My wife, Vivian, has been cutting my hair for the past 30 years or so. It was never a big deal until the last time, thanks to our young Amelia Jane kitty.
Of course, we don’t have a barber shop at home. Vivian just has me plop down on a kitchen chair and her only tools are a comb and a pair of scissors with very sharp points at the ends of the blades. I have learned that when she is snipping around my ears and eyes it is a good thing to hold perfectly still.
Holding still is kind of hard to do when you have a cat climbing your legs and trying to get higher. Amelia Jane loves to climb on us and this was a perfect opportunity with a captive climbee. I couldn’t move away or try to shoo her away and it took her about two seconds to figure that out. All I could do was sit there and holler “quit that.”
Vivian usually has a pretty steady hand, but her control kind of slips when she is laughing. Which, naturally, she was as she looked down at the antics of the cat and the cat’s victim of the moment. She always finds it amusing when Amelia Jane starts to pester me, which happens several times a day.
I finally said maybe I needed a muffin pan on my lap. I guess that takes some explaining. We’ve been trying to teach Amelia Jane not to jump up on places cats are not allowed. She fully understands the word “no” but kept doing it anyway. Vivian came up with a way to get the cat’s attention.
Because she usually leaps to the same spots, Vivian started putting muffin pans upside down in Amelia Jane’s landing zones. With table spoons stuck between the peaks of the pan, hitting one creates quite a clatter. Like most cats, Amelia Jane is skittish about sudden loud noises, so when she hears the racket she runs away. It isn’t even necessary to pull a pan off to the floor, although that really throws her into panic mode.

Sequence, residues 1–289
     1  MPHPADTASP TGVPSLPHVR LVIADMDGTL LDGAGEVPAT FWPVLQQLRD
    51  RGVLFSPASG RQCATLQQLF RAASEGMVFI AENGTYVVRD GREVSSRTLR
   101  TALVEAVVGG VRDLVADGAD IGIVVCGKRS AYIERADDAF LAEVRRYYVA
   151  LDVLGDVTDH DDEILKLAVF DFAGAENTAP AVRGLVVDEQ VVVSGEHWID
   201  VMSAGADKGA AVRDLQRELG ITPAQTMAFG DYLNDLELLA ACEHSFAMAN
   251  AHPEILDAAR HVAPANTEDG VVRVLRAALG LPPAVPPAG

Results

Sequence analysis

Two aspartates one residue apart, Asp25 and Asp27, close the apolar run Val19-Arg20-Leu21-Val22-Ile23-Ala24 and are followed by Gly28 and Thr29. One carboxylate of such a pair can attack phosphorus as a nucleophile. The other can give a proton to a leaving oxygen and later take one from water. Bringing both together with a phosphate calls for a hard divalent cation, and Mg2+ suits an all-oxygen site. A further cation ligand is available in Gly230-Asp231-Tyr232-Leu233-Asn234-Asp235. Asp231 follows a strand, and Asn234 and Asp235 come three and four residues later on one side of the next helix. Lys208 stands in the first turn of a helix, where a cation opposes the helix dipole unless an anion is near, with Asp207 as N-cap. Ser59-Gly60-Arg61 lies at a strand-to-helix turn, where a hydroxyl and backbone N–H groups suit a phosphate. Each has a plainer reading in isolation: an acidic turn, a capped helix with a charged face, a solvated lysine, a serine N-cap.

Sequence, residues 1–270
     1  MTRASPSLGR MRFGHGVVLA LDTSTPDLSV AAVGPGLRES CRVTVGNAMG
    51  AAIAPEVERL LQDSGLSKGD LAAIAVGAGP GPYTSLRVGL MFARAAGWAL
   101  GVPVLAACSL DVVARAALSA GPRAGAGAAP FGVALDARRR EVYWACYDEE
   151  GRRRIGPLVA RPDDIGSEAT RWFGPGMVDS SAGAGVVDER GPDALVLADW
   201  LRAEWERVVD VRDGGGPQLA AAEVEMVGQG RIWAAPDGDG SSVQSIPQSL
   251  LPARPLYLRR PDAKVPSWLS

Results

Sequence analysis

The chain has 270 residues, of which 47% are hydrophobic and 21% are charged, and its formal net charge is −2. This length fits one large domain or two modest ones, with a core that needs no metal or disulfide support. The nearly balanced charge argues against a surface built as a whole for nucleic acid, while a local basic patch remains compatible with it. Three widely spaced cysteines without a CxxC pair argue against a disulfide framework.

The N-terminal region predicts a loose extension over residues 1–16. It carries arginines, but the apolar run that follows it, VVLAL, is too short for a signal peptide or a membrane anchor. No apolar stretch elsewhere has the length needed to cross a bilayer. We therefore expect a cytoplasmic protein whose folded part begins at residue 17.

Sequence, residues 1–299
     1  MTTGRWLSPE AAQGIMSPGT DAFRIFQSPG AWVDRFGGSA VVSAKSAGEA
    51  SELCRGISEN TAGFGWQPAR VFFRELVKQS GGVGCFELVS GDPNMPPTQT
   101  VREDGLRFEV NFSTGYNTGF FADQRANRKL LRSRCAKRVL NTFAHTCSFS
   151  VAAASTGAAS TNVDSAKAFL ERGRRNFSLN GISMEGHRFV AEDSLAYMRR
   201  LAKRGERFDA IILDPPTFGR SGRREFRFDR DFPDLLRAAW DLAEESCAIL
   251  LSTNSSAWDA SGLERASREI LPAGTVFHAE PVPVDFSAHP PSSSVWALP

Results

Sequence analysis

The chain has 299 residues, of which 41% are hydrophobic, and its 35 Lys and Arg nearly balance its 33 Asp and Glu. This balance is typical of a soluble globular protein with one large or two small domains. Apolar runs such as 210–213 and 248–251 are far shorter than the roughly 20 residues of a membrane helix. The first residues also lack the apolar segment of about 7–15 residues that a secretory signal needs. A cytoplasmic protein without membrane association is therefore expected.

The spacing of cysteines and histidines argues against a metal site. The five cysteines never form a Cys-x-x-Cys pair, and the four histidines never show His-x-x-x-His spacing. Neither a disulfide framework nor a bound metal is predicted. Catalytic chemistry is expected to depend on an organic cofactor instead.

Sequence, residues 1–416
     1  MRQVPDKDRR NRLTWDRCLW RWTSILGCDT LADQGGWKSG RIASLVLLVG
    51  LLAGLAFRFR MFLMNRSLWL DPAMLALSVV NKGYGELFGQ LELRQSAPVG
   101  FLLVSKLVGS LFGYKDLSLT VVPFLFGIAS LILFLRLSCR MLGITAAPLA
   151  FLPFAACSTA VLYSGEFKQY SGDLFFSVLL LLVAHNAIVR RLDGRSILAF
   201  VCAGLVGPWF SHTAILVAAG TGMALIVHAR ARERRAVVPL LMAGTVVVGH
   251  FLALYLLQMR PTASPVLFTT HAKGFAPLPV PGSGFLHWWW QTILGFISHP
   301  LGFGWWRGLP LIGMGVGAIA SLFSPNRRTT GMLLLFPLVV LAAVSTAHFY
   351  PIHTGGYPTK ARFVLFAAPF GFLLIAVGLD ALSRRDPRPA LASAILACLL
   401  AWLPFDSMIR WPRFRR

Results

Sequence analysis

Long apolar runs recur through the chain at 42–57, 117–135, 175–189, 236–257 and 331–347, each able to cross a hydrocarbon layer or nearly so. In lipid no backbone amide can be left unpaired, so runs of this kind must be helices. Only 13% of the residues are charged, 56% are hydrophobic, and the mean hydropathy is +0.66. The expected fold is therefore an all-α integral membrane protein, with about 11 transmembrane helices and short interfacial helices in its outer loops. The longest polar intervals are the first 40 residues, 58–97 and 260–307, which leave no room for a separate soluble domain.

The cheap foil pans won’t work. They have to be the solid metal kind to be effective. This setup worked well, but we only had two pans. Vivian was so pleased with the results she decided to buy a couple more just for the cat because there are several places in the house she should not go. A couple of the locations are dangerous if she should slip. Other spots, like the dining table, are for people, not cats.
Amelia Jane is learning, although we still hear a muffin alarm at odd times. The noise is immediately followed by us seeing a streak running to hide. Of course, the shock wears off in about seven seconds, but she does remember.
Since all the pans were in use elsewhere, I had to try to ignore the cat during the haircut. Somehow we managed to get me trimmed with no injuries from the scissors. Amelia Jane naturally thought the whole thing was great fun. She probably wishes we’d do it every day.
It will be a while before I need another haircut, but I fully expect a repeat performance when the time rolls around because Amelia Jane loves having a captive victim.